In the
most comprehensive lunar map yet, the moon looks like it’s been playing
paintball.

Each
splash of color identifies a discrete rock or sediment formation, including
craters, basins and ancient lava fields. For instance, “the darker, more earth
tones are these highland-type terrains, and the reds and the purples tend to be
more of these volcanic and lava flow materials,” says geologist James Skinner
of the U.S. Geological Survey in Flagstaff, Ariz., who helped make the map,
released April 20 by the USGS. (For more details on exactly what those colors
mean, check out the map in all its glory here.)

The Unified Geologic Map of the Moon, as it’s called, combines
information from six regional lunar maps created during the Apollo era, as well
as recent spacecraft observations. The modern data include views of the north
and south lunar poles made by NASA’s Lunar Reconnaissance Orbiter, and observations around the
equator from the Japanese Aerospace Exploration Agency’s SELENE lunar orbiter (SN: 7/10/19).

This
lunar cartography project was trickier than just fitting Apollo-era maps
together like puzzle pieces and using new data to tweak the details — in part,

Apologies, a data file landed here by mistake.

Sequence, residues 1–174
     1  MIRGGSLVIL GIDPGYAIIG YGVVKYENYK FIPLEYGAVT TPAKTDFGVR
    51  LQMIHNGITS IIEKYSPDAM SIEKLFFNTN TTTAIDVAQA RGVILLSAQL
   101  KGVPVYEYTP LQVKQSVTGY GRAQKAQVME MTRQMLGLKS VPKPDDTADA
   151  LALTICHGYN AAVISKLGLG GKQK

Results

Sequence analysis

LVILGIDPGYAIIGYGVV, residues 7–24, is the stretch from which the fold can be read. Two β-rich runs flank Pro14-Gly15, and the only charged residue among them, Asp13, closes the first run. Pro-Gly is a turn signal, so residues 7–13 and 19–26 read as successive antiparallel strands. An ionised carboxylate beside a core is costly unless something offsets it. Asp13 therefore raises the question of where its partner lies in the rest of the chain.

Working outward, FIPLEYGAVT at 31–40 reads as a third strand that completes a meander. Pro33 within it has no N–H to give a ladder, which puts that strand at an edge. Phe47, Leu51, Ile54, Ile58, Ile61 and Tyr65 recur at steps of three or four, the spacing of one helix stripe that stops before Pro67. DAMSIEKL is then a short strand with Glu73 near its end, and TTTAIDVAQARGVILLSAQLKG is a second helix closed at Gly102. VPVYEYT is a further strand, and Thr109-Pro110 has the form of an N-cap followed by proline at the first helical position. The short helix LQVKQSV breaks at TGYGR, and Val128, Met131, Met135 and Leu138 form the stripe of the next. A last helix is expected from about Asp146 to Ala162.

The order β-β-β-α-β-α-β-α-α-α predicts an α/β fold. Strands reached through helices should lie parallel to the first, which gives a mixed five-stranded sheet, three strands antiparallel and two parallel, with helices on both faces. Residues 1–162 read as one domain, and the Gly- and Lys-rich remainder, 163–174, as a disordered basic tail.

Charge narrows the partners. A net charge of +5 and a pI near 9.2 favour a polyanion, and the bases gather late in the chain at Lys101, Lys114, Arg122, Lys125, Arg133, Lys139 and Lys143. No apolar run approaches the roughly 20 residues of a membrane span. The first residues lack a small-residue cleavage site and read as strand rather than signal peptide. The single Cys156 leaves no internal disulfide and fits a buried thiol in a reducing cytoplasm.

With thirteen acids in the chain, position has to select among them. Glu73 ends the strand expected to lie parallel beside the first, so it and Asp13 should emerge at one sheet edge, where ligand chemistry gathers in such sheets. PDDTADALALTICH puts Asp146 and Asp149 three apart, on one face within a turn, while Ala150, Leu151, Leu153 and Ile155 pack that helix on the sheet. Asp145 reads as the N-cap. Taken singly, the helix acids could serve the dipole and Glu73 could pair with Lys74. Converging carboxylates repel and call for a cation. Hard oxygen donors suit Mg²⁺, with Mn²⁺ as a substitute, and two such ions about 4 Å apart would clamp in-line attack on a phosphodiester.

because the edges of the regional maps didn’t line up. Many surface features
that should have been visible at the edges of two separate maps were identified
as different types of features on each map, or features of different ages.

Different colors on a new geologic map of the moon designate different types of rock and sediment formations on the moon. For instance, many of the blue-shaded areas are associated with the Mare Imbrium basin, and greens highlight the Eratosthenian crater.

Those discrepancies
arose because the Apollo-era maps were created by separate research groups, and
two different teams looking at the same parts of the moon could interpret what
they saw differently. For instance, one group might have seen something jagged
on the surface and called it a fault, whereas another team could have read it
as a fragment ejected during the formation of a crater.

Skinner
and colleagues reconciled those discrepancies by analyzing information from all
six regional maps, along with the new lunar orbiter observations, to figure out
the proper identifications for different surface features. That allowed the
team to draw up a comprehensive geologic map of the whole moon.

Detailed
observations from the lunar orbiters were especially helpful for clearing up
uncertainties in how different craters overlapped with each other, which
revealed the craters’ relative ages. Hammering out crater formation timelines gives
insight into the moon’s history (SN: 3/26/18).

The new map could also inform future human missions to the moon by revealing regions that may be rich in useful resources or areas that need more detailed mapping to land a spacecraft there safely (SN: 12/16/19).